I grew up with the public land experience. Although I haven’t always been a hunter, I’ve spent countless hours hiking through the woods of the Lapeer State Game Area (there were perks to living less than 2 miles from it) and fishing its small, inland lakes. Some of my best childhood memories are nestled at the heart of public land.

The thought of owning my own property for outdoor recreation never occurred to me, most likely because we didn’t NEED it. What a gift that was! We had a place close to home that allowed my family every opportunity – hunting, fishing, hiking, bird watching and more within walking distance. Most people don’t have that without at least loading up a vehicle.

Then, eight years ago, I met a farmer that I would someday call my husband. His outdoor experience had been the complete opposite of mine. With a 3,000-acre cash crop farm with over 100 huntable acres of woods divided into separate locations, he (and his family) had what most people would dream of owning. It truly was and is paradise…or as close to it as you can get in flat, agriculture-based Shiawassee County, Michigan.

Youth hunter, Emme Lantis, harvested her first turkey on private land in Shiawassee County

Over the last several years I have added deer, turkey, waterfowl, rabbit, coyote, pheasant hunting and trapping to my resume. Although these are all things that I could have accomplished on public land, I was able to learn more about wildlife management due to direct application. Our freedom to engage with conservation practices and make management decisions based on our own observation and harvests stems from organizations like the Quality Deer Management Association, Pheasants Forever, National Wild Turkey Federations and Natural Resources Conservation Service that provide education and financial assistance. In many ways, this learning brought me into the career field that I enjoy today.

Having access to well-managed, private land is something that I have not taken for granted.

It’s also something that I have a growing need to share.

Mentoring new hunters, youth or adults, is one of the most popular topics in the outdoor industry nationwide. We KNOW we have to increase participation for the future of our hunting heritage. What we don’t always talk about is what else we do aside from harvesting an animal and eating the meat. Having conversations about habitat and management is a way to further connect humans to their food source. The quality of meat depends on the available protein and other nutrients on the landscape for an animal to consume. We have some control over that as private land managers. Your mentees may even want to be involved in hands-on management prior to their hunt. By doing this, you are bridging the gap that most people see only as the space between a broadhead and a heart.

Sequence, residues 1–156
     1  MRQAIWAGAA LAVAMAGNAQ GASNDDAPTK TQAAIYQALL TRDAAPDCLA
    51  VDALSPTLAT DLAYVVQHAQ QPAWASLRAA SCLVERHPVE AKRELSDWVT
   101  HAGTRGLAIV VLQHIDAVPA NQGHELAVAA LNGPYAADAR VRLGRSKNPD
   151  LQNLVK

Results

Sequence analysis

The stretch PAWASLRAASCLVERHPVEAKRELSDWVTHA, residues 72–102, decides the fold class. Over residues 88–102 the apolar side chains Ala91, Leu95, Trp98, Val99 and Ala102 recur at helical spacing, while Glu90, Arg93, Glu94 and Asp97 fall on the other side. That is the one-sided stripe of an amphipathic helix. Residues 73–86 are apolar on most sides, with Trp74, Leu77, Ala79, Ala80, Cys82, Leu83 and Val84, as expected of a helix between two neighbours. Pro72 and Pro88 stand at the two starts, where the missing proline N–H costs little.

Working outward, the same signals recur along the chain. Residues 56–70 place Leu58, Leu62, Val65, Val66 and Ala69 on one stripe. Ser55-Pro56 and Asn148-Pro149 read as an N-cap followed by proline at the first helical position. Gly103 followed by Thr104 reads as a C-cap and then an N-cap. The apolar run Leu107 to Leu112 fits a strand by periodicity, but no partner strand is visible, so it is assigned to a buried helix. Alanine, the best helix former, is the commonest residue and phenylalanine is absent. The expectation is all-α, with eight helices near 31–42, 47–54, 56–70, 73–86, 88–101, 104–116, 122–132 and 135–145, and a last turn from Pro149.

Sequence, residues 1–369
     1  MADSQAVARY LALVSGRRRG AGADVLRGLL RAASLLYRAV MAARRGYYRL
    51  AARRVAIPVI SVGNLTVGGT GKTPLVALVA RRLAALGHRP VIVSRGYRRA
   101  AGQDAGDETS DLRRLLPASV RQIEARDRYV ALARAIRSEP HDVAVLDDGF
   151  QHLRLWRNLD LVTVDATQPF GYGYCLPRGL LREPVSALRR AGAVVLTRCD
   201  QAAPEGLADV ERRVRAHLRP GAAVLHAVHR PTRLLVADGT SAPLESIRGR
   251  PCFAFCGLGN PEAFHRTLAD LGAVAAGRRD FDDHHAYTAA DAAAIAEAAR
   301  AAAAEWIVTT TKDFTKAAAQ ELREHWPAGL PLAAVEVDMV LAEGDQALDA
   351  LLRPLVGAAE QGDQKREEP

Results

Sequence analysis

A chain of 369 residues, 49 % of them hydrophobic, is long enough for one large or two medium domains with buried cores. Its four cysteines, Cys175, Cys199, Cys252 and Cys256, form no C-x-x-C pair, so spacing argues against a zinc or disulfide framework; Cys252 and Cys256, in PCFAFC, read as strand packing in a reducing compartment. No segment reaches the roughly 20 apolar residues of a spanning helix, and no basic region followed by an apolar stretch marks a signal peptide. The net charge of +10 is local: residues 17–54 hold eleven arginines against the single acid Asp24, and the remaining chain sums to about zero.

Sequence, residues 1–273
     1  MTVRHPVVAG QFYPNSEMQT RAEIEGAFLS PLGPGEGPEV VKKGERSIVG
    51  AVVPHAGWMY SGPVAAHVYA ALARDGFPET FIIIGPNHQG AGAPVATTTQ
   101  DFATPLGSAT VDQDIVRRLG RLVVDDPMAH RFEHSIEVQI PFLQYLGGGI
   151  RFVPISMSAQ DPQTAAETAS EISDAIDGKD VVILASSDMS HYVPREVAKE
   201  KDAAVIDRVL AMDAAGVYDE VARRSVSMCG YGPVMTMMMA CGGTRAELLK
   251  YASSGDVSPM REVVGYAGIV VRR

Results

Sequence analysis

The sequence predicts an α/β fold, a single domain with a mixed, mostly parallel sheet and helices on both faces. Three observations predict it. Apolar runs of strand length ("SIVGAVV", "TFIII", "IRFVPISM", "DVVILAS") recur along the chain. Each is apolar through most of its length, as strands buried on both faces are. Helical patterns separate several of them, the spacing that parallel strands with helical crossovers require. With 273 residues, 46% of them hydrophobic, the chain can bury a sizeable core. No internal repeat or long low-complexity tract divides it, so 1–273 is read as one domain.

New waterfowl hunters all had success on the same private pond in Genesee County

The most important thing you can do aside from making sure your mentee feels safe and confident with their firearm or bow is to make sure they feel confident asking you questions. There is a fine line between overwhelming them with information and providing enough that they make the connections. These connections cross the boundaries of nature and humanity.

Landowner to landowner, I encourage you to consider your property a privilege. Even though you worked for it and you have rights to it, it’s an opportunity that many will never have. If you have the chance to support a new hunter by getting them in the field, do it. Show them the process and show them why you care about your land and how to care for it. For some, they simply don’t know what it’s like to connect the dot from the outdoors to themselves in a hands-on way. Even if they don’t purchase land of their own, you will have shown them the value of contributing to the outdoors in a safe environment. They will carry that with them on all of their pursuits – on private or public land.

As someone who has been both the student and the teacher, I can ensure you that your time and commitment is the most constructive thing you can give someone. The rest will come. They will shoot, miss, connect, ask questions and remember what it was like to have someone care enough about something to share it with others. Hopefully, they do the same somewhere down the line. It starts with you.

Happy hunting ~

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